“Respect for my constituents and the Senate has convinced me that this action is necessary in order to proceed without distraction to the important work that needs to be accomplished throughout the state of Illinois in the future.”
So wrote Martin Sandoval, D-Chicago, in his letter announcing plans to resign from the Illinois Senate post he’s held since January 2003. On Sept. 24, federal agents executed a search warrant on Sandoval’s Statehouse office and home. Capitol News Illinois said agents sought documents and materials related to several businesses, including one that sells red light cameras to Chicago suburbs.
The respect for his constituents and the Senate Sandoval wrote about while quitting were lacking in his decision to skip the entirety of November’s veto session, as well as making his resignation effective Jan. 1, ensuring he’ll get full pay for four months following the investigation. He’d already resigned as chairman of the Senate Transportation Committee, which makes the decision to linger seem like a transparent cash grab.
Since this is Illinois, Sandoval’s shady timing passes for the high road in contrast to his Senate colleague Tom Cullerton, D-Villa Park, who pleaded not guilty to the federal embezzlement charges levied against him Aug. 2 and seems to have every intention of finishing his term.
According to the employee salary database on the Illinois Comptroller’s website, Sandoval collects $5,800 per month as a legislator in 2019, grossing $71,500 through November and ready to earn another $11,600 on payday in December and January. In a state as broke as Illinois, it’s hard to get worked up over that principal more than the principle, but Sandoval is exploiting two loopholes at once.
In addition to massaging pay, Sandoval’s mid-term resignation allows someone to take his spot without winning a real election. Sandoval was elected last November to a term that runs through 2023. A special election to complete his term will be part of the Nov. 3 general election ballot, which means the seat will be part of the March primary. Candidates have a week to file nominating petitions starting today.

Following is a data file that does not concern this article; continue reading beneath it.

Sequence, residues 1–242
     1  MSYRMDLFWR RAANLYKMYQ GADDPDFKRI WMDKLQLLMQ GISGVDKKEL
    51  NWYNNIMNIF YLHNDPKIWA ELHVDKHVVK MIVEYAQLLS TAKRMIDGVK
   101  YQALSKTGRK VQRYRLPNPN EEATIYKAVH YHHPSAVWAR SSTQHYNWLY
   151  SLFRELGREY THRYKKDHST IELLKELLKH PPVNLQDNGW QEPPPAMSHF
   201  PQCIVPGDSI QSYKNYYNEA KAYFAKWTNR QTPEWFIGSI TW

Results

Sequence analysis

But in order to make sure the 11th District is represented this year in Springfield — or at least, to make sure someone besides Sandoval collects the paychecks — ward and township Democratic committee members will appoint a replacement to serve almost an entire year, through Dec. 7, when the general election is certified.
Filling a legislative vacancy by appointment is a right enshrined in the 1970 state constitution. The process is familiar to readers of this newspaper. Former state Rep. Frank Mautino got the job when his father died in office. He won several elections on his own, then quit the General Assembly to become auditor general, after which party bosses gave Andy Skoog the job.
In the 75th district, appointments are the rule and elections the exception. Voters elected Sue Rezin, R-Morris, to the House in November 2010, but when Granville’s Gary Dahl quit the state Senate a few weeks later, 38th District GOP leaders elevated Rezin. That opened the door for Pam Roth, also a Morris Republican. She won another term in 2012, but quit the next summer when her family moved to Texas.
GOP leaders from La Salle, Grundy, Kendall and Will counties interviewed several applicants and hired Kendall County sheriff’s deputy John Anthony. In 2014, Anthony handily won his first full term. He also won a primary in 2016, but resigned a few months later. The GOP turned to David Welter. He took office in July and replaced Anthony on the November ballot, winning a full term, then repeating while unopposed in 2018. He’ll run again next year.
Though the people choosing these appointees are elected officials in their own right, democracy isn’t better served with this process than by resolving vacancies through special election — especially since some who leave the Legislature retain their party leadership posts, such as recently resigned state Rep. Luis Arroyo.
Only four states fill vacancies through political party appointment, whereas 25 go straight to a special election. Many of those states have cleaner legislative boundaries making special elections simpler, and those arrangements are worth emulating as a new redistricting cycle looms.
Lawmakers being on the take is unacceptable. But voters feeling they lack a real voice in choosing their representatives does far more to undercut faith in government. Changing the rules would take a constitutional amendment, which seems unlikely given the state’s myriad other major problems.
If lawmakers truly respected constituents, these charades would end.
SCOTT T. HOLLAND is a former associate editor of The Times who continues to contribute his column plus help with editing and writing. He can be reached at firstname.lastname@example.org, facebook.com/salmagundi or twitter.com/sth749.